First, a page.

Bradley Johnson claimed today that he was in the finest form of his career as Leeds United manager Simon Grayson refused to rule out a rethink over the midfielder’s contract.
Johnson said he was “as happy as I’ve ever been” after finding a niche in United’s line-up and emerging from a period of unrest caused by his contractual situation at Elland Road.
The 23-year-old invited internal and external criticism by rejecting Leeds’ final offer of a new deal in November, but he made his 40th outing of the season last weekend – a virtual ever-present record bettered only by club vice-captain Jonathan Howson – and said a concerted run of appearances in a fixed position was responsible for his consistent form.
Grayson has employed Johnson as a defensive midfielder, a role the player described as “dirty work” and United’s manager has shown no appetite for replacing him, despite the prospect of Johnson leaving Elland Road on a free transfer when his existing three-and-a-half year contract expires in June.
The former Northampton Town player raised questions about his future again this week when he said that “his dream was to play in the Premier League and that to do it with Leeds would be a dream”. He is likely to remain a fixture in Grayson’s team for the duration of the Championship season.
Johnson said: “This is probably the best period of my career and I’m as happy as I’ve ever been. It’s probably down to being in the same position week after week.
“It’s not the position I’m used to and it’s dirty work but I don’t mind doing it at all.
“I’m having to learn as I go along and it’s a big help having (centre-back) Andy O’Brien behind me. He talks to me constantly and keeps me right – I’ve needed that voice in my ear.
“But it makes a difference being settled and I’m grateful to the manager for showing faith in me. I’m only in this form because he’s stuck with me all the way through.”
News of Johnson’s decision to reject United’s contract offer emerged on November 18, after lengthy negotiations and two days before the game at Norwich City.
The midfielder was engaged in a bitter exchange of words with chairman Ken Bates but, nevertheless, claimed that he still wanted to agree an extension of his contract with Leeds.
A further offer has not been forthcoming and the situation is unlikely to be addressed until the end of the season. United were unequivocal at the time of Johnson’s contract rejection in stating that they had no intention of handing him improved terms.
Johnson was placed on the transfer list but Grayson continued to field him regardless and retained him at the end of the January transfer window.
United’s manager is likely to have planned for the possibility that Johnson and Neil Kilkenny – another midfielder whose contract is close to expiring – will part company with Leeds in the coming months but he appeared open to the idea of reconsidering the situation in May.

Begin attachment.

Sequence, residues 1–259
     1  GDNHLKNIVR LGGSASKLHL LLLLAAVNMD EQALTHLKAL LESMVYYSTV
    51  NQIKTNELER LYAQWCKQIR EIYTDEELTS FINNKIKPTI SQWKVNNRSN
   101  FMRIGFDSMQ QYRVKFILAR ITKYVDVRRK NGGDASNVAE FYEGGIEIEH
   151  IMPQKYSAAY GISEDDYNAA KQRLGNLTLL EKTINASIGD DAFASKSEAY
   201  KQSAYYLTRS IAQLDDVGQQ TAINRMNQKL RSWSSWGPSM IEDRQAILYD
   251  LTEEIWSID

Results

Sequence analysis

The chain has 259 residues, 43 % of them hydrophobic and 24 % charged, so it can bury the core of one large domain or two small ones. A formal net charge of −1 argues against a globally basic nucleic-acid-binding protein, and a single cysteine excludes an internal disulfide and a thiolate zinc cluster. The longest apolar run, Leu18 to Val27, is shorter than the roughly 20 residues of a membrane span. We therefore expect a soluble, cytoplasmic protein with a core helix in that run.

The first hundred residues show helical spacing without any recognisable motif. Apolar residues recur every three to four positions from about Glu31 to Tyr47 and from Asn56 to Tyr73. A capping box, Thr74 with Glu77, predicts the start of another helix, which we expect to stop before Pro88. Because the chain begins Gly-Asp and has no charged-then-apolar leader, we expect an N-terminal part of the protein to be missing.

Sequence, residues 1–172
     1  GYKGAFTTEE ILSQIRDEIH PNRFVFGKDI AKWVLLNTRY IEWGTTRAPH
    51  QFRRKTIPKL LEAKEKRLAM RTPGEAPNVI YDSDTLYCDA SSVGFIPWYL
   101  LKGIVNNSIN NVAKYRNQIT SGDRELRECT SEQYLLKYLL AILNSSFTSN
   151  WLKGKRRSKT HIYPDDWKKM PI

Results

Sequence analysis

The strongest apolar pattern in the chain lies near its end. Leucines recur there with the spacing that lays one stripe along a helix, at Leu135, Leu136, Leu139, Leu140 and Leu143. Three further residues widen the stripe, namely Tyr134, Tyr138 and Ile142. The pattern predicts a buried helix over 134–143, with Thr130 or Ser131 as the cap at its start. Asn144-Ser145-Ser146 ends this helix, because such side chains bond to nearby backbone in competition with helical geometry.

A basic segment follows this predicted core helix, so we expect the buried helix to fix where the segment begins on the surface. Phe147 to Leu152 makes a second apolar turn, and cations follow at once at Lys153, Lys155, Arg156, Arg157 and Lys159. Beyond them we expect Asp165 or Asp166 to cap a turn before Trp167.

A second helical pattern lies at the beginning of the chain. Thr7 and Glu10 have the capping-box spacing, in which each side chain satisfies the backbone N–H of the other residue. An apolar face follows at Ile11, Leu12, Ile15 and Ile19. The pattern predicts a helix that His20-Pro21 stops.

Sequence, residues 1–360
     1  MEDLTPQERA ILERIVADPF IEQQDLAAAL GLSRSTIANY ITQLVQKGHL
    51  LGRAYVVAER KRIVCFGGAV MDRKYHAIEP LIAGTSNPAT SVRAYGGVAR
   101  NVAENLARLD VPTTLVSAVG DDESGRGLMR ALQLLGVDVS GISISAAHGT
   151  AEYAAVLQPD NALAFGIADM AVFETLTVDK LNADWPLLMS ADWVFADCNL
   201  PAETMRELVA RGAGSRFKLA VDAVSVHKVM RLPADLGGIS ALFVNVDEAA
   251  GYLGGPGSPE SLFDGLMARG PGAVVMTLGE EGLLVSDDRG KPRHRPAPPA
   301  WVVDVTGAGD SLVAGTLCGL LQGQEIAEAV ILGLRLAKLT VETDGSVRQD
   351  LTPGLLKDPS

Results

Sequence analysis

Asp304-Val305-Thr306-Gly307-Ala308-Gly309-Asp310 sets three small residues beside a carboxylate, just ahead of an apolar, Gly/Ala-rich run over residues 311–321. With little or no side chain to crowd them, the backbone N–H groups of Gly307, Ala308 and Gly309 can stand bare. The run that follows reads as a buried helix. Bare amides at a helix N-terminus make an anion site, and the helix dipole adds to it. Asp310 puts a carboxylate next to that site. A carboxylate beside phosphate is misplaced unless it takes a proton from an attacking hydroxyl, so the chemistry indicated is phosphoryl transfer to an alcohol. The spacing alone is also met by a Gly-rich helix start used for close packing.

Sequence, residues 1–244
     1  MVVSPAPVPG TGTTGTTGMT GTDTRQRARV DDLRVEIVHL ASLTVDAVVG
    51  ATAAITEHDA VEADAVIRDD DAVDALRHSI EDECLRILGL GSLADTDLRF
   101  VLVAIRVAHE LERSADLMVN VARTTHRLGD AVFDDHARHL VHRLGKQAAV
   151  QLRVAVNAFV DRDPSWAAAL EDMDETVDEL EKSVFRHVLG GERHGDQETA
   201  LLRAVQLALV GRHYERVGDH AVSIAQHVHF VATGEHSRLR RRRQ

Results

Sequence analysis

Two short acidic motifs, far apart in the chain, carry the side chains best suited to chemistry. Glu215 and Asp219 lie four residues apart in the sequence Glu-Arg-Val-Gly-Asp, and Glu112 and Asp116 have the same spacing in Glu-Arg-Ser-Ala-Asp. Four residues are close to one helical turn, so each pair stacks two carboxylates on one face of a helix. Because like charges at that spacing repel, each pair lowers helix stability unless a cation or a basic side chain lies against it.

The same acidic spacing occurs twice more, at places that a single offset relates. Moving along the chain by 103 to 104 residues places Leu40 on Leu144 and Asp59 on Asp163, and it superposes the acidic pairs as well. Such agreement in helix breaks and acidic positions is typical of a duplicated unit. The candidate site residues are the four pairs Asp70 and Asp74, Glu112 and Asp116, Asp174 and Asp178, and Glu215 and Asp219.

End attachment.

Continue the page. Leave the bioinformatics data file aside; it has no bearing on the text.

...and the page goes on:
Grayson said: “Bradley has stated all along that he wants to stay, from the start of the negotiations we had a few months ago.
“Nothing has changed, but he’s a Leeds player. He’s done well for us since it came out that he’d turned down our contract offer – which he was entitled to do.
“Bradley will decide what he wants to do in the summer and so will we.”
A shortage of midfielders has been one of Grayson’s more serious problems this season, a complication which manifested itself in a heavy defeat at Swansea City last month.
A one-match ban served by Johnson – the only game missed by him since August – led Grayson to abandon his preferred formation with too few players available to name a five-man midfield.
Grayson finally cracked the emergency loan market last week when he signed Barry Bannan from Aston Villa until the end of the season.
Bannan is a Scottish international with experience of both the Premier League and the Championship, but the form of Johnson and Kilkenny kept him on the bench for both of United’s matches against Preston North End and Ipswich Town.
His arrival was seen as a challenge to Grayson’s incumbent midfielders but Johnson said: “I don’t think of it as extra pressure on me. The manager’s shown that he’s got confidence in me and he’s obviously happy with what I’m doing.
“A new player coming in doesn’t make you up your performances. We’re all playing to our maximum anyway, or we should be.
“If you’re not playing well you never expect to stay in the team.
“Barry’s a top player and it’s good to see someone of his quality coming in. It makes the squad stronger.
“The stronger you are as a club, the more chance you’ve got of getting promoted. I don’t think of Barry coming here as a threat to my place.”
United’s chance of promotion has improved since their loss at Swansea – helped by three productive results and mixed form amongst the Championship’s other prominent clubs.
Johnson said that a play-off position was “in our hands” but added that he would see this season as a success even if promotion eludes United in the remaining weeks of the term.
“I’d be disappointed if we dropped out of the top six now,” he said. “But I wouldn’t see the whole season as a disappointment.
“We’ve done more than people thought we were capable of and it goes down as a good season, whatever happens.”